SHARE
COPY LINK

EUROPEAN UNION

EU warns it could block more vaccine exports

European Commission chief says Italy's decision to block an export to Australia last week was "not a one-off"

EU warns it could block more vaccine exports
European Commission President Ursula von der Leyen expects supply of coronavirus vaccines to increase in April. (Photo by Francisco Seco/AFP

EU chief Ursula von der Leyen warned on Monday that the bloc could halt further exports of the coronavirus vaccine, after Italy stopped a shipment to Australia.

“That was not a one-off,” the president of the European Commission told business newspaper Wirtschaftswoche.

Italy last week revealed it had blocked the export of 250,700 doses of AstraZeneca’s Covid-19 vaccine meant for Australia, blaming the shortage of jabs in virus-hit Europe — and the lack of urgent need in Australia.

Defending Italy’s action, von der Leyen said AstraZeneca had delivered less than 10 percent of the volumes that the bloc had ordered for December to March.

The European Commission has criticised the Anglo-Swedish company for failing to fulfil its delivery schedule to the EU, even as it supplied full doses to Britain.

Under the EU scheme, a company wanting to export outside the bloc needs to apply for permission to the national government, which decides after consulting the commission.

Chancellor Angela Merkel’s spokesman Steffen Seibert last week stressed the EU was supplying vaccines to the whole world — unlike countries such as the United States.

“We stand by this European approach, which differs from the American approach when it comes to production, for instance,” Seibert said.

100 million doses vow

As criticism rises within the 27-nation bloc over its stuttering rollout, the commission is battling to secure doses to get the pace of vaccinations back on track.

Von der Leyen said in a separate interview with Stuttgarter Nachrichten newspaper that she expected the bloc to receive 100 million doses every month from April, thanks both to higher delivery volumes and the regulatory approval of more vaccines.

The EU would receive “in the second quarter an average of around 100 million doses a month, in total 300 million by end June”, she said. 

By February 26, the bloc with a population of 446 million people had received 51.5 million doses, according to official EU data.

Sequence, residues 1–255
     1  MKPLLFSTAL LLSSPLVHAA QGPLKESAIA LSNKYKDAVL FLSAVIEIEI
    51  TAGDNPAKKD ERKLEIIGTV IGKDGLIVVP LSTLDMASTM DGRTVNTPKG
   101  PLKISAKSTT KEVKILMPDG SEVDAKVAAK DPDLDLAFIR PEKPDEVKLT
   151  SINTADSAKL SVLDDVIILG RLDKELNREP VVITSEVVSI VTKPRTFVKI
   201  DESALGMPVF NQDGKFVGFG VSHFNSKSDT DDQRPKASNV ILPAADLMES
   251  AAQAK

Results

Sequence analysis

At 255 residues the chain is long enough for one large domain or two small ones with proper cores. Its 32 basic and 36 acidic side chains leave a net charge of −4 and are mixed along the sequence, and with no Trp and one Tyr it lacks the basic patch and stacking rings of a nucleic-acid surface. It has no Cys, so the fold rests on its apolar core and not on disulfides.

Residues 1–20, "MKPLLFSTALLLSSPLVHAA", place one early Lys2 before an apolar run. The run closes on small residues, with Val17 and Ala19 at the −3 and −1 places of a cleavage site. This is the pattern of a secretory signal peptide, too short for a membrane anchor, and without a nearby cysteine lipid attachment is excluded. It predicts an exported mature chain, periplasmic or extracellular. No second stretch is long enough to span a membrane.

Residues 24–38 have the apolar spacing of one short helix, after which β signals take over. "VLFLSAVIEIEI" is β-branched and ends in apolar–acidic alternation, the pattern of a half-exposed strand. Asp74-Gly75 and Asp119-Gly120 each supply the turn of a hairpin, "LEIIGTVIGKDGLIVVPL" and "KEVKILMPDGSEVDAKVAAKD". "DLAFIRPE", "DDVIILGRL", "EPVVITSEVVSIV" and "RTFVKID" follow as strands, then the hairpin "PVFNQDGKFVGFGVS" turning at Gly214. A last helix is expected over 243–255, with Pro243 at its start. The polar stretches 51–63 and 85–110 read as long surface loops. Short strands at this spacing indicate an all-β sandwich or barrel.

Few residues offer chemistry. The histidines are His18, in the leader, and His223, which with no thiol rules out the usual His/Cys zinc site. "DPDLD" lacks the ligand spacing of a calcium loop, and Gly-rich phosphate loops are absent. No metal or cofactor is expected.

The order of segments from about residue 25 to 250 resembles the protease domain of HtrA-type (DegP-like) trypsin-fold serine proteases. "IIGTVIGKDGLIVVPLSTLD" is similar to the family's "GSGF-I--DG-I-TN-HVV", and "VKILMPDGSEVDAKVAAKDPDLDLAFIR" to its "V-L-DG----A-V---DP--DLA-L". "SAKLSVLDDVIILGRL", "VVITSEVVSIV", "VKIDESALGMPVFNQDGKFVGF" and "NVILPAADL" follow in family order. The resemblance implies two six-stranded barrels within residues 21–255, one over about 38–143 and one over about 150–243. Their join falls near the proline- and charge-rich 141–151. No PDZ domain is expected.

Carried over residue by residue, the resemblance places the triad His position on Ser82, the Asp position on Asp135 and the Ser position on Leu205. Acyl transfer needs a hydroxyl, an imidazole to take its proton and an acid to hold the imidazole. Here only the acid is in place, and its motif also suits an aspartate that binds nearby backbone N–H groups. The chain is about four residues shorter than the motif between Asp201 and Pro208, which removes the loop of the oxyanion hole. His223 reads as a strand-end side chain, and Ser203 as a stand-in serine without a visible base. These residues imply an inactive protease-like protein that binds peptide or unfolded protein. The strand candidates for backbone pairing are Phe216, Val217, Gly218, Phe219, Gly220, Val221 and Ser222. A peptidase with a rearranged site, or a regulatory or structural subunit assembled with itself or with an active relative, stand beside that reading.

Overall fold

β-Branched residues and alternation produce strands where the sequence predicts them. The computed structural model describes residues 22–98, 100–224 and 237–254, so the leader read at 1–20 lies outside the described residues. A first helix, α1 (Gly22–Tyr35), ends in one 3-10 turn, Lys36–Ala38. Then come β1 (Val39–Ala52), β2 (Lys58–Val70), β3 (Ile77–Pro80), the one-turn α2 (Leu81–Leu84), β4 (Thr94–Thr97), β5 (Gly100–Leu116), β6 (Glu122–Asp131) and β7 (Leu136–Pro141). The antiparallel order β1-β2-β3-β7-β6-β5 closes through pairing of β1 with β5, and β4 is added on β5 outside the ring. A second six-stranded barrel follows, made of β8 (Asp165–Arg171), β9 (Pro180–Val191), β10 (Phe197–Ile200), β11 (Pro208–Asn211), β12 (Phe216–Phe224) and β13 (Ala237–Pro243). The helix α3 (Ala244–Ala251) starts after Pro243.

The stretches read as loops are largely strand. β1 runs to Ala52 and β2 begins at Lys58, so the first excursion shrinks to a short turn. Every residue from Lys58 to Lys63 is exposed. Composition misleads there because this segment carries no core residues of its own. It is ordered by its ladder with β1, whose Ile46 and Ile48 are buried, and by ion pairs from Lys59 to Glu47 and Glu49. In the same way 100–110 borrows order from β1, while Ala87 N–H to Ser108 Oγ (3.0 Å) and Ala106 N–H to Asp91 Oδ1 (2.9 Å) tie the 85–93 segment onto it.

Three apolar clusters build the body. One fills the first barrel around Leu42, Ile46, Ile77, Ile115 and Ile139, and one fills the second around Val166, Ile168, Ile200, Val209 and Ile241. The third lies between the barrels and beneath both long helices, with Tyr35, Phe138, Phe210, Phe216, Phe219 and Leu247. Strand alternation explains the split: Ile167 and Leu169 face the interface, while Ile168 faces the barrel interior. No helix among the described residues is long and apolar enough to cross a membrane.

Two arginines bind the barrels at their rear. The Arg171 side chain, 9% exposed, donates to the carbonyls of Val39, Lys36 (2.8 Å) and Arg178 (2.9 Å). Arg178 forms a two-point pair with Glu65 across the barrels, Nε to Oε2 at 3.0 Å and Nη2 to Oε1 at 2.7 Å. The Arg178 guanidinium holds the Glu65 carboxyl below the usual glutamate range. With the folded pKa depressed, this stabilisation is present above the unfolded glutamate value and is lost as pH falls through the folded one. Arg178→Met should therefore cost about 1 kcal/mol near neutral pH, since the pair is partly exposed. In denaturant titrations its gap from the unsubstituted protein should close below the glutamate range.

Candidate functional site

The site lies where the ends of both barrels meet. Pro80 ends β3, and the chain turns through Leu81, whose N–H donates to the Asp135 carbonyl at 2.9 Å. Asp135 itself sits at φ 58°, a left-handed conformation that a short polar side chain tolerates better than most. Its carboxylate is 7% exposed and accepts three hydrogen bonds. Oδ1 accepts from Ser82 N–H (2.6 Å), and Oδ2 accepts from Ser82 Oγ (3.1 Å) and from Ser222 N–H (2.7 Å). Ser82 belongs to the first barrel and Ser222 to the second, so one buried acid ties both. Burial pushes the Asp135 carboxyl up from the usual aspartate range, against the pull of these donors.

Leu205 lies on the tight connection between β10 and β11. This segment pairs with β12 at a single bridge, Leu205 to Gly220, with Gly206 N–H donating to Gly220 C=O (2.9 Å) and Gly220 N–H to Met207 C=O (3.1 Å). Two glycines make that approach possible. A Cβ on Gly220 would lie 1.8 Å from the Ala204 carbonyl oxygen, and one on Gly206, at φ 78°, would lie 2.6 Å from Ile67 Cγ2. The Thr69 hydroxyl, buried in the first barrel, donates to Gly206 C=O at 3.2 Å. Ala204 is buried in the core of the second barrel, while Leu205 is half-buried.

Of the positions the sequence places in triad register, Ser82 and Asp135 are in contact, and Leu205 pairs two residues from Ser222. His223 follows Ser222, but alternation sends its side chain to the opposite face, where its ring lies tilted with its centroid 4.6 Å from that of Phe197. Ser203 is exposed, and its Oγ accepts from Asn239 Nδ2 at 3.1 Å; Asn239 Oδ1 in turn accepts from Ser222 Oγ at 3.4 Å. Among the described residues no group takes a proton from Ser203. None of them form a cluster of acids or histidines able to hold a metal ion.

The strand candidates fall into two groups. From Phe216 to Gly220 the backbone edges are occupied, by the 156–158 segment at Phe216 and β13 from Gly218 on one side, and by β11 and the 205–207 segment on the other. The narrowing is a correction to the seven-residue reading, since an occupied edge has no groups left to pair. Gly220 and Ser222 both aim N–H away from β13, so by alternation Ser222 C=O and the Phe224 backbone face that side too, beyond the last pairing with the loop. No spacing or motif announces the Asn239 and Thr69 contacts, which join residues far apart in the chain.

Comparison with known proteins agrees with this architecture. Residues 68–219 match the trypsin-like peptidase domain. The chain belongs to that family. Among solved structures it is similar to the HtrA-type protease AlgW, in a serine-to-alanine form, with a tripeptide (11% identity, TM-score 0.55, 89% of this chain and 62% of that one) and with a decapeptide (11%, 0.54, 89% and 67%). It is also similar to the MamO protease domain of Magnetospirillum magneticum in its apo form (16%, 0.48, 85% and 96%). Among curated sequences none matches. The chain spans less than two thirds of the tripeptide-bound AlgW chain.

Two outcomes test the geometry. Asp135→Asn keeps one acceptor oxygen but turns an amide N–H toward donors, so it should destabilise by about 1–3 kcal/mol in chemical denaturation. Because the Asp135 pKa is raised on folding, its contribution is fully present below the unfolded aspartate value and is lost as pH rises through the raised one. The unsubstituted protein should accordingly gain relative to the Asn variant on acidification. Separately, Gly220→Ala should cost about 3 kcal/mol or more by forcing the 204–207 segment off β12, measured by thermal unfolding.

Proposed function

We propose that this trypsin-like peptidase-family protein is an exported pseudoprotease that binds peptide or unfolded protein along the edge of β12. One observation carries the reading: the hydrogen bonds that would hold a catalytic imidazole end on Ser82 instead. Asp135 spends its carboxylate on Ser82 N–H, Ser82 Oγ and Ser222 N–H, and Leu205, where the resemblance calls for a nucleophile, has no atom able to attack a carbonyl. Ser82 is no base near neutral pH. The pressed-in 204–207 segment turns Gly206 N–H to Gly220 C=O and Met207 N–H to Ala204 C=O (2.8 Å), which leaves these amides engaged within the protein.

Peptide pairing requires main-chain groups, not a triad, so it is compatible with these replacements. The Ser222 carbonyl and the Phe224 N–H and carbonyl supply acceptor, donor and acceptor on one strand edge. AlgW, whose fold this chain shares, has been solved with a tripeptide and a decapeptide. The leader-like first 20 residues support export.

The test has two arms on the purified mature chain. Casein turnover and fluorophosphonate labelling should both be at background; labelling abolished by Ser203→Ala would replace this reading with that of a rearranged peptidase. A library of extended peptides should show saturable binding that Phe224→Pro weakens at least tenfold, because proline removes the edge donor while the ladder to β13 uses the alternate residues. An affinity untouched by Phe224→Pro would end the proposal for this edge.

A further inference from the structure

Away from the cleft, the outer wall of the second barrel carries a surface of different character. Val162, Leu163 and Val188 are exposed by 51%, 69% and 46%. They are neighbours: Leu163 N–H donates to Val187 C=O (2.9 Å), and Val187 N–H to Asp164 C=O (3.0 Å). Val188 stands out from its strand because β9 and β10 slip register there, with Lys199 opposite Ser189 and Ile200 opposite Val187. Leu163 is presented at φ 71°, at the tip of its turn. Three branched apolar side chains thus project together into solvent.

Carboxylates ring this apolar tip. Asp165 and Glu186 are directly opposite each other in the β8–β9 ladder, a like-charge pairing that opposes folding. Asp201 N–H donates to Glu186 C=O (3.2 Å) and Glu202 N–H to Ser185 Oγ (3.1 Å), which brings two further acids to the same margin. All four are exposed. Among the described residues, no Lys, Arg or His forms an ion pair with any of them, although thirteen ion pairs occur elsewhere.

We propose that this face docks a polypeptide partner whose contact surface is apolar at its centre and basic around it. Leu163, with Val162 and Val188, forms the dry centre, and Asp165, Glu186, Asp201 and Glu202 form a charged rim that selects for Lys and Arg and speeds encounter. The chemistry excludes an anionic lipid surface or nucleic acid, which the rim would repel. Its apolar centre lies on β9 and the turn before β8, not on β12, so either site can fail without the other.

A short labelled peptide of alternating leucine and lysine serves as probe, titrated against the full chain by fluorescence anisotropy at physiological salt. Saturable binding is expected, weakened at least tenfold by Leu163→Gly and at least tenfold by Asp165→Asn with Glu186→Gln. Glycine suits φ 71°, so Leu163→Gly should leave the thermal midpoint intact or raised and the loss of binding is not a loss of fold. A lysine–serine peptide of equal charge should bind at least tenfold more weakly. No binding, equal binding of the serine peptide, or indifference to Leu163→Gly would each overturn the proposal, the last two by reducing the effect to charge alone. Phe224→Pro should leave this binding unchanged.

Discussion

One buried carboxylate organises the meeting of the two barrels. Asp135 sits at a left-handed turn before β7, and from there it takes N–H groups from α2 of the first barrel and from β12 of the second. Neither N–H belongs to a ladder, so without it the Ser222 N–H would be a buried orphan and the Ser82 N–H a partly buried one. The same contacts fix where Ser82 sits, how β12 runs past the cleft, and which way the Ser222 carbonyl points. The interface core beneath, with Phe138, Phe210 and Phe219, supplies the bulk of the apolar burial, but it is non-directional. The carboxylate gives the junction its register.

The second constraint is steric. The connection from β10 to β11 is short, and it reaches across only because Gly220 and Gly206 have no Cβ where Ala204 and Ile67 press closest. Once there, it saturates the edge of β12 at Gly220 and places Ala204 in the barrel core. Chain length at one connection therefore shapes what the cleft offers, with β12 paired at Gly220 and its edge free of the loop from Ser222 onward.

The bloc has already approved three vaccines — BioNTech/Pfizer, AstraZeneca/Oxford and Moderna — and the European Medicines Agency is due to decide on Thursday on the Johnson & Johnson single-shot jab.

The regulator last week began a rolling review of Russia’s Sputnik V vaccine.

Member comments

Log in here to leave a comment.
Become a Member to leave a comment.

COVID-19 ALERT

EXPLAINED: How Austria’s compulsory vaccine mandate could be back in June

The much-debated policy sparked controversy since before it was approved in February, meaning that May could be a definitive month in the country.

EXPLAINED: How Austria's compulsory vaccine mandate could be back in June

Austria’s Federal Government has a ticking time bomb on its hands: an ordinance that suspended its vaccine mandate law is set to expire by the end of May, which means that the controversial mandatory vaccination would be again in place as early as June 1st.

In order to keep that from happening, Austria’s Health Ministry needs to extend the current regulation or create a new one.

If it doesn’t, the Covid-19 mandatory vaccination law would automatically be back in June.

READ ALSO: EXPLAINED: What are Austria’s plans to bring back the vaccine mandate?

Since, by June, the vaccine mandate stated that non-vaccinated would start getting fines, the resumption of the law would mean that, from next month, those who are not vaccinated could be fined in routine checks, such as traffic checks.

The ins and outs of the vaccine mandate

The law was first introduced in February, even though the technical requirements for it to be enacted were not in place. The first stage of it was purely “informational”, and Austrian residents received letters explaining about vaccines and about the regulation.

A second stage, when people could have been fined if they were not vaccinated, was set to start in mid-March. Before a single person was fined, though, Health Minister Johannes Rauch (Greens) suspended the law with an ordinance.

The law was suspended for a variety of reasons, primarily due to the relatively high vaccination coverage the country had already received, along with the lower virulence of the Omicron variant. 

READ ALSO: Austria to scrap mandatory Covid vaccinations

To create a new regulation or extend the existing one stopping people from being fined, Rauch must await the report of the vaccination commission, which should be ready in May, according to the Ministry.

The coronavirus commission will assess whether the Vaccination Act is suitable and useful from a medical and legal point of view. A previous report said there were arguments for and against mandatory vaccination for those who were completely unvaccinated.

READ ALSO: How Austria’s attempt to make vaccines mandatory changed the country

Der Standard reports there is little political support for compulsory vaccination and says there are still technical problems regarding automated fines. However, according to the Ministry of Health, the infrastructure should be completed in June.

SHOW COMMENTS